Fish can be fed to both kibble and raw fed dogs. These fish listed are some of the best sources of omega-3 fatty acids and are the cleanest to feed because:
1️⃣ These fish are small and less likely to have mercury contamination and other toxins compared to larger fish.
2️⃣ They aren’t large bottom feeders, meaning they don’t eat a lot of junk from the floor of the ocean.
Examples of fish to avoid are flounder, eels, haddock, bass, grouper, snapper, and some catfish.
Benefits of feeding fish are:
• Shinier coat
• Helps with dry, flaky skin
• Reduces inflammation (hot spots, itching, allergies, redness, arthritis, and other forms of serious disease)
• Balances out the abundance of omega-6’s that are most commonly found in all kibble and factory farmed meats (an abundance of omega-6 creates inflammation)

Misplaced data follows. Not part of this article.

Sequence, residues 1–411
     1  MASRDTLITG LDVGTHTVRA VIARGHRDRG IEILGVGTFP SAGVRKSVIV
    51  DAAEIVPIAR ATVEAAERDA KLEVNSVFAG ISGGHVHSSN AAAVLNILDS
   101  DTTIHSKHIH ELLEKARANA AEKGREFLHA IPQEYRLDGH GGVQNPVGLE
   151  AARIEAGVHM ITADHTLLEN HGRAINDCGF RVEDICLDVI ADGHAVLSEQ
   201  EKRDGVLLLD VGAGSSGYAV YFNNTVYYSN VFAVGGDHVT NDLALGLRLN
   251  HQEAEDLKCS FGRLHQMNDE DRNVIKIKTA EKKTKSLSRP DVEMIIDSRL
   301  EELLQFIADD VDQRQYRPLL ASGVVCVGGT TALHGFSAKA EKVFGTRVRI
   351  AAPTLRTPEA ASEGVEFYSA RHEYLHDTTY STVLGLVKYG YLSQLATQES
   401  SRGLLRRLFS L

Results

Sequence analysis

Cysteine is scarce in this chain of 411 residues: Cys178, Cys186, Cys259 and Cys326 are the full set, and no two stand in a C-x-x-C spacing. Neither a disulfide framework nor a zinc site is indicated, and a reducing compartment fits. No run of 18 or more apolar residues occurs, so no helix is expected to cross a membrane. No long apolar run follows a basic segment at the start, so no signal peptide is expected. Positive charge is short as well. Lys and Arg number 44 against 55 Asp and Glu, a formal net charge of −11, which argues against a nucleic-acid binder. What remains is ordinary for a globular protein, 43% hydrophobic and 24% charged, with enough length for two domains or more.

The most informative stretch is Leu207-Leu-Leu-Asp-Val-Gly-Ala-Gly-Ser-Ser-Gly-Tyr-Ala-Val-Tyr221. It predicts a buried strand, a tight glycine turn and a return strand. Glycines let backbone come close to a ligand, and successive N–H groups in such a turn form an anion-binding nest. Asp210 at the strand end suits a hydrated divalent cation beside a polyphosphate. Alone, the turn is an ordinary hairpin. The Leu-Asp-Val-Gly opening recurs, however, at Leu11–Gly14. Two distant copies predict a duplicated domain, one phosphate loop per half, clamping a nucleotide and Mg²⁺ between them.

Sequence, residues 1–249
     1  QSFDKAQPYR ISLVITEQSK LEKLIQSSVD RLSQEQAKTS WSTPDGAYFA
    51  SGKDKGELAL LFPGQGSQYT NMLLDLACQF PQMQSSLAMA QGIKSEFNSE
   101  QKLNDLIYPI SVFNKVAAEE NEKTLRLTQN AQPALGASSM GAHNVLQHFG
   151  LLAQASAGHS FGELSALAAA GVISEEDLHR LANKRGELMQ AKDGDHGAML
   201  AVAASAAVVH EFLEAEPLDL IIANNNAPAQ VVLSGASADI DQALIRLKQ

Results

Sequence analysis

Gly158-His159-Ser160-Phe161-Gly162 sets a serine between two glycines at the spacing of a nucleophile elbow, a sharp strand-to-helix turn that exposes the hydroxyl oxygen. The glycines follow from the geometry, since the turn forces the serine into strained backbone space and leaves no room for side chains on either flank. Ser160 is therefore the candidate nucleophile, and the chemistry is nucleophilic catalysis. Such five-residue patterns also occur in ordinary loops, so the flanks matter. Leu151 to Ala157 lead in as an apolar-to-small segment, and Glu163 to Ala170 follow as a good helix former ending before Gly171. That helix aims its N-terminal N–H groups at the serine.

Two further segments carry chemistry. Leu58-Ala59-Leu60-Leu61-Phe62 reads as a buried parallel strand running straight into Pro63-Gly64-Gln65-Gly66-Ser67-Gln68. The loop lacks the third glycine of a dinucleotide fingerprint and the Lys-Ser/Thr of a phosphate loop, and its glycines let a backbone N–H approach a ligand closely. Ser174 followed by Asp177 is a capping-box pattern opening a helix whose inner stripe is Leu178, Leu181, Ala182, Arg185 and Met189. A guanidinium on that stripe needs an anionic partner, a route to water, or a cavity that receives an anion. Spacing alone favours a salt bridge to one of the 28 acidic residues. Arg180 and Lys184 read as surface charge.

• Improves brain function
You can feed these fish as shown, the smelt usually come without heads. I never recommend cooking fish because that’s when bones splinter, become hard, and the omega-3’s are depleted. Therefore ruining the point of feeding the fish in the first place.
Freeze any fresh meat for at least 1 week before feeding if your freezer is able to reach below -10* Fahrenheit. If your freezer only reaches 0* Fahrenheit, then freezing for 2-3 weeks is best to kill off any harmful bacteria or parasites that may be in the food. Sourcing wild caught fish is preferred. However, avoid feeding salmon from the Pacific Ocean between California and Alaska because there is a parasite found in some salmon along that region. I recommend feeding salmon less than the other fish since it is larger.
I feed my dogs fish several times a week depending on the meal and size of the fish. I feed Vitamin E when feeding fish as well. Vitamin E is an antioxidant that “neutralizes free radicals which can lead to cellular oxidation and damage” (Dr. Jean Dodds). This supplement also reduces infection and inflammation.
Sources: Dr. Jean Dodds, Dr. Barbara Royal, Dr. Peter Dobais, Deckelbaum et al., 2006